Drugged Testing: Addicted to Adderall, Reliant on Ritalin
October 18th, 2006
Stuyvesant students have long been portrayed as caffeine addicts—even teachers crack jokes about our love of anything caffeinated. But, in the academic pressure-cooker that is Stuyvesant, many students have turned to more powerful stimulants, such as the Attention Deficit Disorder (ADD) medications Ritalin and Adderall, in order to help them study and boost test scores.
Ritalin and Adderall are medications that help those who have been diagnosed with ADD or Attention Deficit Hyperactive Disorder (ADHD). These drugs help them focus and calm down and are strictly meant to be used if one has a prescription. However, if someone who does not have either ADD or ADHD takes these medications, it can have the opposite effect, making them extremely hyper and energetic.
Jenny, a student whose name has been changed to protect her identity, once took Adderall to study for a physics midterm. She felt that prescription ADD medications were hot commodities at Stuy, and that “when you find out somebody has it, you want to get a lot of it. It’s hard to find by the time of the SAT’s.” She said, “Personally, I know 15 to 20 people in Stuy who have taken it, but I’m positive [that] the 15 people I know [also] know 15 other people.”
Jenny explained exactly how she felt Adderall was helpful. “You either get more done in a short period of time, or you get less done, but you understand it more,” she said. “For me, I got a lot done, and what I learned I remember to this day.” She also described the high as similar to being on fast-forward in a movie: “When you’re on it you can control yourself, but you get into it. You feel yourself going quickly. It was pretty cool.”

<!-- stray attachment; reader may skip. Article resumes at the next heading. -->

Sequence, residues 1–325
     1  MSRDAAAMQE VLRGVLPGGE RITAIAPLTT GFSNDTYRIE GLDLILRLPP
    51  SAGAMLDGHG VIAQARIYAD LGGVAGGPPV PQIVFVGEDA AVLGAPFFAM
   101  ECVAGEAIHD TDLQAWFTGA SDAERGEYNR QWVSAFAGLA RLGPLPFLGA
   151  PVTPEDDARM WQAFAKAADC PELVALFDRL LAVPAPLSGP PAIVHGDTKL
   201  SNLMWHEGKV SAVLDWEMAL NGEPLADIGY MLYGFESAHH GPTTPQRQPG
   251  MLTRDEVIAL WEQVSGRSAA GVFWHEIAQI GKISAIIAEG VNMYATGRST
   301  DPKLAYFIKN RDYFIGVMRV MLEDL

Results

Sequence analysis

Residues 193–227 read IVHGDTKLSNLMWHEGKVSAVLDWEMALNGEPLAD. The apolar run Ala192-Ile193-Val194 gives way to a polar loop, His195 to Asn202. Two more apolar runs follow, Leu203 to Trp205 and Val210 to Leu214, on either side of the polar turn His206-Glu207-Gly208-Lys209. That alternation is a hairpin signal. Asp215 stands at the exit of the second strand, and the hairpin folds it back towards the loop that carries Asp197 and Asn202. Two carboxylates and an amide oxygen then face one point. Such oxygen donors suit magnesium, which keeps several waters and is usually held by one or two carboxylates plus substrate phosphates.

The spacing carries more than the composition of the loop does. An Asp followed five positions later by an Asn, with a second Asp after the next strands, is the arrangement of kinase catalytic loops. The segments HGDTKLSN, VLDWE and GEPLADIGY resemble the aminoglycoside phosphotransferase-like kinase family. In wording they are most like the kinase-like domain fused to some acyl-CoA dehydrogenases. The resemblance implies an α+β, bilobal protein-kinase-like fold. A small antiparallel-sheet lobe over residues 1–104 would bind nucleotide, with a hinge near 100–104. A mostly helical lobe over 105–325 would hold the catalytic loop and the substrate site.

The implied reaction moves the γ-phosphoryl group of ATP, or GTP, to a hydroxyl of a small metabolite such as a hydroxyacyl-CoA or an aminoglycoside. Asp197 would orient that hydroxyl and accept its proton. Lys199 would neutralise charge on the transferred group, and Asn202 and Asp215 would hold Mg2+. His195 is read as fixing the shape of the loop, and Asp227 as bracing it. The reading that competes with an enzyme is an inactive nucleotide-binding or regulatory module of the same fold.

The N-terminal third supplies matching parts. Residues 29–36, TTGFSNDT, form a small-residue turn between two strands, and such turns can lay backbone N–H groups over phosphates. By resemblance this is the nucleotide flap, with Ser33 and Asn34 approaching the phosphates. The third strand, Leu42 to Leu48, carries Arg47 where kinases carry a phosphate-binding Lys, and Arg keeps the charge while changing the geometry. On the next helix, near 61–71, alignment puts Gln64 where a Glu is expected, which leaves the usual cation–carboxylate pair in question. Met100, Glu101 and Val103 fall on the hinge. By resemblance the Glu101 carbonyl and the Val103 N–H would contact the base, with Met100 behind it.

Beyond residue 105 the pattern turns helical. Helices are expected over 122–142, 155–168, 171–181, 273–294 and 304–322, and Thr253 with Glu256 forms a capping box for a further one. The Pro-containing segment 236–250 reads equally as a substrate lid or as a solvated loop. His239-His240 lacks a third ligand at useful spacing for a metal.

Marie, another student whose name has been changed to protect her identity, also experimented with narcotic “study-aids.” She described her experience with taking Adderall: “I got it from somebody,” she said. “You have to try it out first to make sure you don’t get a crazy reaction.”
She was afraid of the potential side effects which, according to the ADD-ADHD Help Center’s Web site (add-adhd-help-center.com), can include insomnia, dizziness, paranoia and addiction, as well as several other rare, but serious, effects such as high blood pressure, increased heart rate and hallucinations.
Although she was nervous, she said “One Saturday I took it. I didn’t feel anything at first, but all of a sudden I went crazy. I sat there for six hours. I studied, I finished my SSR background sheet—it was great.”
Pleased with the results, Marie decided to ask her friend for more pills. “I took it to study for the Spanish AP [exam], but it didn’t kick in as fast as it did the first time,” she said. She took another pill the day of the Advanced Placement test, but instead of increasing her energy, the drug had the opposite effect. “I was really scared that I would get a reaction the day of the [test],” she said. “I took it and I felt like it didn’t work. I felt slowed down. I think the reason I didn’t do well on the test was because it slowed me down,”